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04-13-2011, 09:00 AM   #1
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Hello, I am pretty much still a total noob and wish to ask a noobish question about ISO; I hope this is the right place.

I read the thread

but that did not answer this question exactly.

So, question: I just read this blog post

Saving the World One Pixel at a Time Blog Archive Expanded ISO Settings: Why I don’t like’em

and though it is about other camera's it got me wondering about my camera. I have a K200D and when there is light, I shoot at ISO 100 mostly. This article got me wondering if, like the Nikon's discussed, the K200D might be better off at ISO 200. Is it possible that 200 is the standard and going to 100 is actually some modification and not going to get better images?

Not that I am that great of a photographer that needs super results, just wanting to use the camera as it was meant to be used, when possible.


04-13-2011, 10:40 AM   #2
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The short answer is, you're fine at ISO 100.

The longer answer starts with post #3 in the thread you quoted:

QuoteOriginally posted by Marc Sabatella Quote
A sensor has one and only one "native" ISO - that is, it only actually collects photon at one given rate. All higher ISO's above that are created by amplifying the results collected at the native ISO. The more amplification, the more noise. A lower native ISO means more amplification is required to get to, say, ISO 1600. Meaning it's likely to be noisier at ISO 1600 than an otherwise-similar sensor with a higher native ISO.

And there's no good way to "de-amplify" the results collected at native ISO in order to simulate lower ISO. A shutter speed slow enough to get a good exposure at ISO 25 would clip at the native ISO of 100 or 200. I gather some cameras have implemented some sort of magic to get around this, but it's probably more work than it's worth given that a ND filter solves the problem nicely.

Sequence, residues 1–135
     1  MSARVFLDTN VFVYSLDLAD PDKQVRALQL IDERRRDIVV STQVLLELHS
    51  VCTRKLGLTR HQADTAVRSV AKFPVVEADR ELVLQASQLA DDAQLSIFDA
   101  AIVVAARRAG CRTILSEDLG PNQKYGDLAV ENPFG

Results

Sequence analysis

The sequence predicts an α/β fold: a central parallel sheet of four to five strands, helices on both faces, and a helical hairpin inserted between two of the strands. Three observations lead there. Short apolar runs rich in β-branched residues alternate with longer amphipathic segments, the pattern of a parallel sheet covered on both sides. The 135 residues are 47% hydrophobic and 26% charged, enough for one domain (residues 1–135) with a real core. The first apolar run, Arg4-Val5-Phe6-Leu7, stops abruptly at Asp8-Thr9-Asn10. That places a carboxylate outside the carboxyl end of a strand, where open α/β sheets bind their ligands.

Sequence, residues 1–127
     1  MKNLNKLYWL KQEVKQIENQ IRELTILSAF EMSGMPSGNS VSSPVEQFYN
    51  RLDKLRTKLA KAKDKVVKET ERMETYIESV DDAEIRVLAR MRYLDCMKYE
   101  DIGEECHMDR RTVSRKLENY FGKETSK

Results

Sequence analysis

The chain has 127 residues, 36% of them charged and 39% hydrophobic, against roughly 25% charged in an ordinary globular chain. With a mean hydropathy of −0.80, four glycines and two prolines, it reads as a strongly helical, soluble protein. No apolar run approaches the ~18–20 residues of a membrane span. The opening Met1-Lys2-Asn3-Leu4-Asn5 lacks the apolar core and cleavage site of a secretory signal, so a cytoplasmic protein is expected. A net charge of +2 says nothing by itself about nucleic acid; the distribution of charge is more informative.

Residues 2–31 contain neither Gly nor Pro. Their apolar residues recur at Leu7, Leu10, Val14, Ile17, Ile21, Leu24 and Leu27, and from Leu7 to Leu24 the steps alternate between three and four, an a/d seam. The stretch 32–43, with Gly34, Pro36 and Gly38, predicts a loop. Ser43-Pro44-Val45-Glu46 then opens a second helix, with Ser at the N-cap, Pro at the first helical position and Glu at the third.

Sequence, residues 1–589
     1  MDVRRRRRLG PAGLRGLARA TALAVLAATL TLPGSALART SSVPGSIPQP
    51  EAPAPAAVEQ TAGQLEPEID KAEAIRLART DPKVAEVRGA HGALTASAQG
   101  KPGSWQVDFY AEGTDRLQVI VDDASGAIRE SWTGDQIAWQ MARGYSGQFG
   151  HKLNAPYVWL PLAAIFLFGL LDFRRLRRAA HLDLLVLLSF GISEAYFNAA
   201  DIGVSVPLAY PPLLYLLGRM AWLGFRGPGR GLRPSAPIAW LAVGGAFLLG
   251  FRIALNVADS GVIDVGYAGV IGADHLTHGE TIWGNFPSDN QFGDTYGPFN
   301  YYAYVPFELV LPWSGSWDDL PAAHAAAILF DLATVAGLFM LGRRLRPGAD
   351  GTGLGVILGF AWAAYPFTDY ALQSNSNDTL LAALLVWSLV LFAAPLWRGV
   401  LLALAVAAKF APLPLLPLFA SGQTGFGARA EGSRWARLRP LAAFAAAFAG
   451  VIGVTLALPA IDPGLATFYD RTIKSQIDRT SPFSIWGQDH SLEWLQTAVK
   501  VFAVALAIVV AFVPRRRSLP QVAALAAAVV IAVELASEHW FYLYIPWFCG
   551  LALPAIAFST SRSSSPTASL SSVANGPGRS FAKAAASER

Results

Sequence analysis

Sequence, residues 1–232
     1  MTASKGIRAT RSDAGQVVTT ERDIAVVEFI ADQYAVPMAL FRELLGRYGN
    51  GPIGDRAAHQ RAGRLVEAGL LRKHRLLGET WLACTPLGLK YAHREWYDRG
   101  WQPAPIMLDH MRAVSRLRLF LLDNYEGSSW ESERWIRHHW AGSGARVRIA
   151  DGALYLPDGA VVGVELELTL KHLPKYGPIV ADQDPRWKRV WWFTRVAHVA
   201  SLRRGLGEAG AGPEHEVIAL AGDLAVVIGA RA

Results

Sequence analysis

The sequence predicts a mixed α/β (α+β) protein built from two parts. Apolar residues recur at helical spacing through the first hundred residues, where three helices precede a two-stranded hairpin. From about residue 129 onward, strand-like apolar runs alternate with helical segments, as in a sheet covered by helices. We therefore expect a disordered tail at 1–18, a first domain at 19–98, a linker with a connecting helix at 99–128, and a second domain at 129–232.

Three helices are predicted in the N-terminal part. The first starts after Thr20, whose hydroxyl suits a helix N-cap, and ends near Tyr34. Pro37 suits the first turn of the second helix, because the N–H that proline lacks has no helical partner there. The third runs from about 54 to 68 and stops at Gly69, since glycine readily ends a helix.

The Nikon D300s mentioned in the second link does have that magic trick. Here's a qoute from the review:

"The base sensitivity of the sensor used in the D300S is ISO200. There is also a Lo 1.0 mode that attempts to mimic ISO 100 but it's effectively just ISO 200 over-exposed by a stop. The result is that the sensor becomes saturated and clips to white quite easily, limiting that mode's dynamic range. For most applications, you'd be better off buying a neutral density filter if you need slower shutter speeds than ISO 200 will allow."

Your camera does not do this, so ISO 100 really is ISO 100. Both cameras also have a confusingly similar feature to cram more information into JPEG files. Pentax calls it D-Range and Nikon, Active D-lighting. Some magic is applied to JPEG processing with that setting too. It has no effect if you shoot RAW.

Although the highly technical camera review sites can overemphasize small number differences into giant problems, it's worth reading the review for details like this.

Oddly enough, I briefly met both these guys at the same moment.
04-13-2011, 10:46 AM   #3
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Thanks One More Dave, it helps. I shall carry on at 100. I did enjoy reading both the blog post and the thread here about ISO, just was not sure I was getting it.

thanks again


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